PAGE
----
Scase, Wendy, ed. Essays in Manuscript Geography: Vernacular Manuscripts of the English West Midlands from the Conquest to the Sixteenth Century. Medieval Texts and Cultures of Northern Europe 10. Turnhout: Brepols, 2007. [Publisher's description: "The medieval English West Midlands has long been associated with the production of vernacular texts, in Old and Middle English, and with the making of several famous manuscripts. The aim of this volume is to re-think assumptions about medieval literature and the region in the light of new research in medieval book history."] [Contents: Bishops and their texts in the later eleventh century: Worcester and Exeter / Elaine Treharne -- Mobile libraries: Old English manuscript production in Worcester and the West Midlands, 1090-1215 / Mary Swan -- The pastoral context of the Trinity and Lambeth homilies / Bella Millett -- Compilation and purpose in MS Harley 2253 / Susanna Fein -- Oppositional thematics and metanarrative in MS Harley 2253, quires 1-6 / Carter Revard -- Mapping points west of West Midlands manuscripts and texts: Irishness(es) and Midle English literary culture / John J. Thompson -- The Clopton manuscript and the Beauchamp affinity: patronage and reception issues in a West Midlands reading community / Ryan Perry -- Inventing visual history: re-presenting the legends of Warwickshire / Martha W. Driver -- Owners and copyists of John Rous's armorial rolls / David Griffith -- The manuscripts of the West Midlands Catalogue Project / Rebecca Farnham -- Middle English romance and the West Midlands / Alison Wiggins -- Fingerprinting paper in West Midlands medieval manuscripts / Orietta Da Rold.] [* Subject Heading: Manuscript Culture; vernacular texts; Old English; Middle English *]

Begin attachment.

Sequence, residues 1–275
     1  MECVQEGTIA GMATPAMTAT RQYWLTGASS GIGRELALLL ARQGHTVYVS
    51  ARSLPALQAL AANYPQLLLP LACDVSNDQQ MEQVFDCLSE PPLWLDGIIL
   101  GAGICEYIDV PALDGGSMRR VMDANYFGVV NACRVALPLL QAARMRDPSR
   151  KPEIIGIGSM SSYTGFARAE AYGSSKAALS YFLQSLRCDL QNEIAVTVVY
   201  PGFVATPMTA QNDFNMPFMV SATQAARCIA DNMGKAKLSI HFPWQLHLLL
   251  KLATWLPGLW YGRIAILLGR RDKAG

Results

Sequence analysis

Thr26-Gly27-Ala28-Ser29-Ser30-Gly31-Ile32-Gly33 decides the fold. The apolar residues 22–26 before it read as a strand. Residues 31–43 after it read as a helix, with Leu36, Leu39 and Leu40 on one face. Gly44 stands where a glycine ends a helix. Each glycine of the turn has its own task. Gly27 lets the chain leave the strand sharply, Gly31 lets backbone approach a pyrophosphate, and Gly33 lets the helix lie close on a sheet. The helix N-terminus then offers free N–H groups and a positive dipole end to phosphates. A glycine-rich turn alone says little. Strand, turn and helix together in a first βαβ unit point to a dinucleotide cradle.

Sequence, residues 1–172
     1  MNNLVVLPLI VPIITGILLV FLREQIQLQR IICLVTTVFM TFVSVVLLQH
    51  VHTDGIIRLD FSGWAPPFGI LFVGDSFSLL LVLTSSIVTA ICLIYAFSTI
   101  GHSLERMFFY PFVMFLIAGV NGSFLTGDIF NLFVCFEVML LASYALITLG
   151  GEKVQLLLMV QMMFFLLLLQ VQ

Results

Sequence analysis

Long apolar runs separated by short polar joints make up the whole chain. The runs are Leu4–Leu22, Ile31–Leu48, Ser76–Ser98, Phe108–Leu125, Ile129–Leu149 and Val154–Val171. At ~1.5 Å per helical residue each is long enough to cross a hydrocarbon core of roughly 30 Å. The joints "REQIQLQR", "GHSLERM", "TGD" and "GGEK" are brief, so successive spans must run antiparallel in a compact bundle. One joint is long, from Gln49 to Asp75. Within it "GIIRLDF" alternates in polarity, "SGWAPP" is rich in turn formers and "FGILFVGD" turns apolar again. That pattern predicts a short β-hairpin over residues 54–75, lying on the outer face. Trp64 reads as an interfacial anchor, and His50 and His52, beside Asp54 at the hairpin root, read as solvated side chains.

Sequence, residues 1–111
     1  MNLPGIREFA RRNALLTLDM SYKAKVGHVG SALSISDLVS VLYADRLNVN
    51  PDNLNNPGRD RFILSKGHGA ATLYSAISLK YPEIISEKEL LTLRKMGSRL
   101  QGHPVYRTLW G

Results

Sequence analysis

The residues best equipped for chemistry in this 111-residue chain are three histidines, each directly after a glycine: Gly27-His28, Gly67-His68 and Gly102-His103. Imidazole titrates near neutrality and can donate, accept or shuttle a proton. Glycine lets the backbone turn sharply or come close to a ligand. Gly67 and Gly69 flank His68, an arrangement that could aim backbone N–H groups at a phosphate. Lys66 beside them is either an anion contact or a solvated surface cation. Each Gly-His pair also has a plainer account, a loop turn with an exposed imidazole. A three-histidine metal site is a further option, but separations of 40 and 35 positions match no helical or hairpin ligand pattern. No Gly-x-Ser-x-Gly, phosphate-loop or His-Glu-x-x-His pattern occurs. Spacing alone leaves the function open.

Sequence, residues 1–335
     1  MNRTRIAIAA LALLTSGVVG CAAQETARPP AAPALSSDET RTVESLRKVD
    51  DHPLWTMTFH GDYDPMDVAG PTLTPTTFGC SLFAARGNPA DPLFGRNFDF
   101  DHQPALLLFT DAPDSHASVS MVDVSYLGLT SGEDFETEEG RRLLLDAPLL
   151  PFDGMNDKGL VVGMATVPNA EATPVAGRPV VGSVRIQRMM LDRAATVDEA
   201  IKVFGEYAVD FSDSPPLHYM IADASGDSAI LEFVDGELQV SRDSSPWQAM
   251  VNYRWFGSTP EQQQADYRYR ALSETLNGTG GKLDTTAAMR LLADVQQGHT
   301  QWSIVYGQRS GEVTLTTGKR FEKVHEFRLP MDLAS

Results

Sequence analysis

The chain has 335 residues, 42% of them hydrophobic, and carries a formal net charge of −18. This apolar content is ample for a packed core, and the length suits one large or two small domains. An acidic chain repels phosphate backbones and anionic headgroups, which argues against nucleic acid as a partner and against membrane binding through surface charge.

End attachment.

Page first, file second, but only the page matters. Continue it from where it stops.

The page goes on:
Schieberle, Misty. Feminized Counsel and the Literature of Advice in England. Disputatio 26. Turnhout: Brepols, 2014. [Publisher's description: "The term 'feminized counsel' denotes the advice associated with and spoken by women characters. This book demonstrates that rather than classify women's voices as an opposite against which to define masculine authority, late medieval vernacular poets embraced the feminine as a representation of their subordination to kings, patrons, and authorities. The works studied include Gower's Confessio Amantis, Chaucer's Legend of Good Women and Melibee, and English translations of Christine de Pizan's Epistre Othea. To advise readers, these texts draw on the politicized genre of mirrors for princes. Whereas Latin mirrors such as the Secretum secretorum and Giles of Rome's De regimine principum represented women as inferior, weak, and detrimental to masculine authority, these vernacular texts break traditional expectations and portray women as essential and authoritative political counsellors. By considering Latin and French sources, historical models of queens' intercessions, and literary models of authoritative female personifications, this study explores the woman counsellor as a literary topos that enabled poets to criticize, advise, and influence powerful readers. Feminized Counsel elucidates the manner in which vernacular poets concerned with issues of counsel, mercy, and power identified with fictional women's struggles to develop authority in the political sphere. These women counsellors become enabling models that paradoxically generate authority for poets who also lack access to traditionally recognized forms of intellectual or literary authority."] [* Subject Heading: manuscript culture; English poetry; Middle English literature; women in literature *]

Snijders, T. Manuscript Communication: Visual and Textual Mechanics of Communication in Hagiographical Texts from the Southern Low Countries, 900-1200. Utrecht Studies in Medieval Literacy 32. Turnhout: Brepols, 2015. ["[T]his book argues that the High Middle Ages witnessed a fundamental process of manuscript diversification and specialisation, which was at the basis of the thirteenth-century revolution in manuscript layout. . . ."] [* Subject heading: Manuscript culture; manuscript composition and layout *]